Phase-resetting sensitivity of the suprachiasmatic nucleus and oscillator amplitude: Reply to letter by Ruby

Ethan D. Buhr, Seung Hee Yoo, Joseph S. Takahashi

Research output: Contribution to journalArticle

1 Citation (Scopus)

Abstract

The amplitude of a circadian oscillator influences its response to a phase-resetting stimulus. The suprachiasmatic nucleus (SCN) is unique among circadian clocks in mammals in that the network connections among its neurons confer robustness both in amplitude and in resilience to perturbations. With reduced coupling among SCN neurons, the SCN becomes more susceptible to external phase-shifting stimuli. Thus, stimuli of the same strength will elicit different responses from the same tissue under different states of internal coupling. In his letter, Ruby (2011 [this issue]) discusses potential causes for discrepancies in studies that report dissimilar responses of the SCN to temperature changes. Here, we propose that the differences are likely due to a species difference and a difference in oscillator amplitude. These differences more likely result from inherent differences between mice and rats than from experimental procedures.

Original languageEnglish (US)
Pages (from-to)371-373
Number of pages3
JournalJournal of Biological Rhythms
Volume26
Issue number4
DOIs
StatePublished - Aug 2011

Fingerprint

Suprachiasmatic Nucleus
Neurons
Circadian Clocks
Mammals
Temperature

Keywords

  • circadian
  • methods
  • suprachiasmatic
  • temperature

ASJC Scopus subject areas

  • Physiology
  • Physiology (medical)

Cite this

Phase-resetting sensitivity of the suprachiasmatic nucleus and oscillator amplitude : Reply to letter by Ruby. / Buhr, Ethan D.; Yoo, Seung Hee; Takahashi, Joseph S.

In: Journal of Biological Rhythms, Vol. 26, No. 4, 08.2011, p. 371-373.

Research output: Contribution to journalArticle

@article{ac188dee5a1b44118d89a3265f98f4d8,
title = "Phase-resetting sensitivity of the suprachiasmatic nucleus and oscillator amplitude: Reply to letter by Ruby",
abstract = "The amplitude of a circadian oscillator influences its response to a phase-resetting stimulus. The suprachiasmatic nucleus (SCN) is unique among circadian clocks in mammals in that the network connections among its neurons confer robustness both in amplitude and in resilience to perturbations. With reduced coupling among SCN neurons, the SCN becomes more susceptible to external phase-shifting stimuli. Thus, stimuli of the same strength will elicit different responses from the same tissue under different states of internal coupling. In his letter, Ruby (2011 [this issue]) discusses potential causes for discrepancies in studies that report dissimilar responses of the SCN to temperature changes. Here, we propose that the differences are likely due to a species difference and a difference in oscillator amplitude. These differences more likely result from inherent differences between mice and rats than from experimental procedures.",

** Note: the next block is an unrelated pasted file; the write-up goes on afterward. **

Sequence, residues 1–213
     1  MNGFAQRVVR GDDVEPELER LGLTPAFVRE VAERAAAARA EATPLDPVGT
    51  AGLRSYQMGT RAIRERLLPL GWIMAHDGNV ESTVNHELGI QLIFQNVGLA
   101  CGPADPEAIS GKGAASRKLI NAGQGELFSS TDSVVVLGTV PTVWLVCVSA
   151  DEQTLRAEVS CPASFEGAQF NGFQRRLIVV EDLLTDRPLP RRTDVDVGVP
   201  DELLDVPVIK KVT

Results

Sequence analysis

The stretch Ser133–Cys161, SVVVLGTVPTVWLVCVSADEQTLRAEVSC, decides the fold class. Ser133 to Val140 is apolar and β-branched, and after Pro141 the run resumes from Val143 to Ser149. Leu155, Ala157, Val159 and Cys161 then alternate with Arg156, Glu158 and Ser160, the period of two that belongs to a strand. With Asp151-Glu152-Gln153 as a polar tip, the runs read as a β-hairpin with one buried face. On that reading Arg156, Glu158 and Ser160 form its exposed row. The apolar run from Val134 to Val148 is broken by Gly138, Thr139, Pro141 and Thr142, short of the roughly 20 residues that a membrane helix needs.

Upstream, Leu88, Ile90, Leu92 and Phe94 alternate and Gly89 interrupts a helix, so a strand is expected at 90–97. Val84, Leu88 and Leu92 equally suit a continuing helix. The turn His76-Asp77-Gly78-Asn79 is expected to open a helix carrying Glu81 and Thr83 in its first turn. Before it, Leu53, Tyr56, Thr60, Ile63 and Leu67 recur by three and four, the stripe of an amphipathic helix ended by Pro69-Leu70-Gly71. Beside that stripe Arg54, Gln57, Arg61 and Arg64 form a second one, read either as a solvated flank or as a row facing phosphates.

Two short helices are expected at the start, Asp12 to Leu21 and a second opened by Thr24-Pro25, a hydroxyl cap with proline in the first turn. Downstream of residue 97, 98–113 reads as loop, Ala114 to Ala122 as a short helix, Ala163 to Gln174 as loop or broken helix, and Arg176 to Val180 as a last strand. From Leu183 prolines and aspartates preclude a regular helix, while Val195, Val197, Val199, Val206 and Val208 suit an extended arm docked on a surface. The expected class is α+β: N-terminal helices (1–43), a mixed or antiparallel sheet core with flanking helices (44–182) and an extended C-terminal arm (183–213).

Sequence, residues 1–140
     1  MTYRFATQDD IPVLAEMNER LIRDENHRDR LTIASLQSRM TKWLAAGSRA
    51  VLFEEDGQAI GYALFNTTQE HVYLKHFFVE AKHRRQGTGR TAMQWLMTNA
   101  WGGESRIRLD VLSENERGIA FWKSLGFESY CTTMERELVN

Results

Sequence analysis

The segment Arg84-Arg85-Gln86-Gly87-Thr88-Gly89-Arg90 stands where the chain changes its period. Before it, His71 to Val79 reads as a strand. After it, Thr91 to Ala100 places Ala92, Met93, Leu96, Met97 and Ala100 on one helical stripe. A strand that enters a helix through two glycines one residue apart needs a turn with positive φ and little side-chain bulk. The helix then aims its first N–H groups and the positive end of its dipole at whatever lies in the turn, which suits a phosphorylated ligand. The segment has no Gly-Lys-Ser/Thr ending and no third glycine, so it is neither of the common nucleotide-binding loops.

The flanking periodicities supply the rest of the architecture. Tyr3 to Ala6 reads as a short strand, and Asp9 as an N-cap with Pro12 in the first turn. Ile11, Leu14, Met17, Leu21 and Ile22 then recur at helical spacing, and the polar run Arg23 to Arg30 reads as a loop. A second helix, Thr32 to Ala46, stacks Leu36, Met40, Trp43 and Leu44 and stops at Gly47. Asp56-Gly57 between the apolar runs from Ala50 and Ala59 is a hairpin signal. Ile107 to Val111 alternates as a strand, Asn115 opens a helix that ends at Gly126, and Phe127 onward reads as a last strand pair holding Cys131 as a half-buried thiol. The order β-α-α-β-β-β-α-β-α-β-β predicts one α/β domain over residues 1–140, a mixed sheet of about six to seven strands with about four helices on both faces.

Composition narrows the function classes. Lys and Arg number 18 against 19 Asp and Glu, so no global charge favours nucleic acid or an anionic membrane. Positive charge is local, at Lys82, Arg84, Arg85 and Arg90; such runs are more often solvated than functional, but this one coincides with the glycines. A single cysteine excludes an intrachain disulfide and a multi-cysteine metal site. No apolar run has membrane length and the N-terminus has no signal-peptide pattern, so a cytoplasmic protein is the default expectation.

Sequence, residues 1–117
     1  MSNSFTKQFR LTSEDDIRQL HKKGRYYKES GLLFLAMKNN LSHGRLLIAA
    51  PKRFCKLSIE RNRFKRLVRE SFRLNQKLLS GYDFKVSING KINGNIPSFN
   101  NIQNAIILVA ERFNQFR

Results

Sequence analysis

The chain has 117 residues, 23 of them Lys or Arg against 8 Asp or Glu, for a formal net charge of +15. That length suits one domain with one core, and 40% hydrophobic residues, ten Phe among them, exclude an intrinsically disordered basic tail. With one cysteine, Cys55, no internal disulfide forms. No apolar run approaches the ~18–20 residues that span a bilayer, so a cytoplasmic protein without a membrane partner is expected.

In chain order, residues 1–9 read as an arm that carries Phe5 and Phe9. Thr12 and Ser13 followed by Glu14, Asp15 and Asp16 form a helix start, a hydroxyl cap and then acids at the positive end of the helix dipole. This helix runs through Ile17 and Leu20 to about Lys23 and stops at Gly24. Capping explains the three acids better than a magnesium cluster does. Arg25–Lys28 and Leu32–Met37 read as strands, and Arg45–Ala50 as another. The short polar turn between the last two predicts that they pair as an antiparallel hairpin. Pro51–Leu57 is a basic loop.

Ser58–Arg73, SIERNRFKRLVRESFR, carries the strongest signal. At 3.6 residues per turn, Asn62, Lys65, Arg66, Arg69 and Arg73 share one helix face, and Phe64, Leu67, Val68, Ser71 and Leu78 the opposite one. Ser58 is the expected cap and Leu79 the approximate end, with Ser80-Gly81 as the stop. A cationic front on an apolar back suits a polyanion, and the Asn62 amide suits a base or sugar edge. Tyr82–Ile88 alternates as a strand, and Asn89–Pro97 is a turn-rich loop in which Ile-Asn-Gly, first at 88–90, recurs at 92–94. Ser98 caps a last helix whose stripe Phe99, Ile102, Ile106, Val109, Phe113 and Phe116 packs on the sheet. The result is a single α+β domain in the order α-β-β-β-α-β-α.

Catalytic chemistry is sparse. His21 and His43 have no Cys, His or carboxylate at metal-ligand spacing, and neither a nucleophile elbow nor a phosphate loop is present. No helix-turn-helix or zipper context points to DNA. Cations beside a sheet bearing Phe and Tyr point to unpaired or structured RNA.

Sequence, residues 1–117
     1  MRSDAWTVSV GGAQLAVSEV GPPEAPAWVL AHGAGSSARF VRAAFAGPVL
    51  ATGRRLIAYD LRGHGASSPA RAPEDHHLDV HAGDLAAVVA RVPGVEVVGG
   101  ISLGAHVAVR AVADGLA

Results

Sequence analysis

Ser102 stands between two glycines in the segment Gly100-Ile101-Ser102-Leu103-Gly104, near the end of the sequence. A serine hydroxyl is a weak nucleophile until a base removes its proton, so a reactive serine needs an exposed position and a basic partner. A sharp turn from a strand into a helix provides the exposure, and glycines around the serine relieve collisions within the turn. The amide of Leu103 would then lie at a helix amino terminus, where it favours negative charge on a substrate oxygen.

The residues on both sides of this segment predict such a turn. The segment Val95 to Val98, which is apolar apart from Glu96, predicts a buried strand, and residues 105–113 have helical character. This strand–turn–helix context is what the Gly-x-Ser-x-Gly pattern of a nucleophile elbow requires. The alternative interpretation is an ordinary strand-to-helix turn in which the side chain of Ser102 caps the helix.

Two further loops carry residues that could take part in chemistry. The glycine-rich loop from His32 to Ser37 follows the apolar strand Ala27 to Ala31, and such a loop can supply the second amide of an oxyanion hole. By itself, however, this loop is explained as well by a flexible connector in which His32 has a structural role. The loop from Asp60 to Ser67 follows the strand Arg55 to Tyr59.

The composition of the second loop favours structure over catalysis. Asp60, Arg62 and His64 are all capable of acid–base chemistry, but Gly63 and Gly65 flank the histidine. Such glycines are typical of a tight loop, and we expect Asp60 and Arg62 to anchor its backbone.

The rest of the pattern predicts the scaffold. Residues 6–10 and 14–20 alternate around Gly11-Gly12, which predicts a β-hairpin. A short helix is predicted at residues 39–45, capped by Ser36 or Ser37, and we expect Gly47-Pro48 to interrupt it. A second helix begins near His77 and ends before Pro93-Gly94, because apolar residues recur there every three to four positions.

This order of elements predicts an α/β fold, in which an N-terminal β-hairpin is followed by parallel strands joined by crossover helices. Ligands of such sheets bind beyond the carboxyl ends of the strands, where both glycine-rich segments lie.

keywords = "circadian, methods, suprachiasmatic, temperature",
author = "Buhr, {Ethan D.} and Yoo, {Seung Hee} and Takahashi, {Joseph S.}",
year = "2011",
month = "8",
doi = "10.1177/0748730411411679",
language = "English (US)",
volume = "26",
pages = "371--373",
journal = "Journal of Biological Rhythms",
issn = "0748-7304",
publisher = "SAGE Publications Inc.",
number = "4",

}

TY - JOUR

T1 - Phase-resetting sensitivity of the suprachiasmatic nucleus and oscillator amplitude

T2 - Reply to letter by Ruby

AU - Buhr, Ethan D.

AU - Yoo, Seung Hee

AU - Takahashi, Joseph S.

PY - 2011/8

Y1 - 2011/8

N2 - The amplitude of a circadian oscillator influences its response to a phase-resetting stimulus. The suprachiasmatic nucleus (SCN) is unique among circadian clocks in mammals in that the network connections among its neurons confer robustness both in amplitude and in resilience to perturbations. With reduced coupling among SCN neurons, the SCN becomes more susceptible to external phase-shifting stimuli. Thus, stimuli of the same strength will elicit different responses from the same tissue under different states of internal coupling. In his letter, Ruby (2011 [this issue]) discusses potential causes for discrepancies in studies that report dissimilar responses of the SCN to temperature changes. Here, we propose that the differences are likely due to a species difference and a difference in oscillator amplitude. These differences more likely result from inherent differences between mice and rats than from experimental procedures.

AB - The amplitude of a circadian oscillator influences its response to a phase-resetting stimulus. The suprachiasmatic nucleus (SCN) is unique among circadian clocks in mammals in that the network connections among its neurons confer robustness both in amplitude and in resilience to perturbations. With reduced coupling among SCN neurons, the SCN becomes more susceptible to external phase-shifting stimuli. Thus, stimuli of the same strength will elicit different responses from the same tissue under different states of internal coupling. In his letter, Ruby (2011 [this issue]) discusses potential causes for discrepancies in studies that report dissimilar responses of the SCN to temperature changes. Here, we propose that the differences are likely due to a species difference and a difference in oscillator amplitude. These differences more likely result from inherent differences between mice and rats than from experimental procedures.

KW - circadian

KW - methods

KW - suprachiasmatic

KW - temperature

UR - http://www.scopus.com/inward/record.url?scp=79960713148&partnerID=8YFLogxK

UR - http://www.scopus.com/inward/citedby.url?scp=79960713148&partnerID=8YFLogxK

U2 - 10.1177/0748730411411679

DO - 10.1177/0748730411411679

M3 - Article

AN - SCOPUS:79960713148

VL - 26

SP - 371

EP - 373

JO - Journal of Biological Rhythms

JF - Journal of Biological Rhythms

SN - 0748-7304

IS - 4

ER -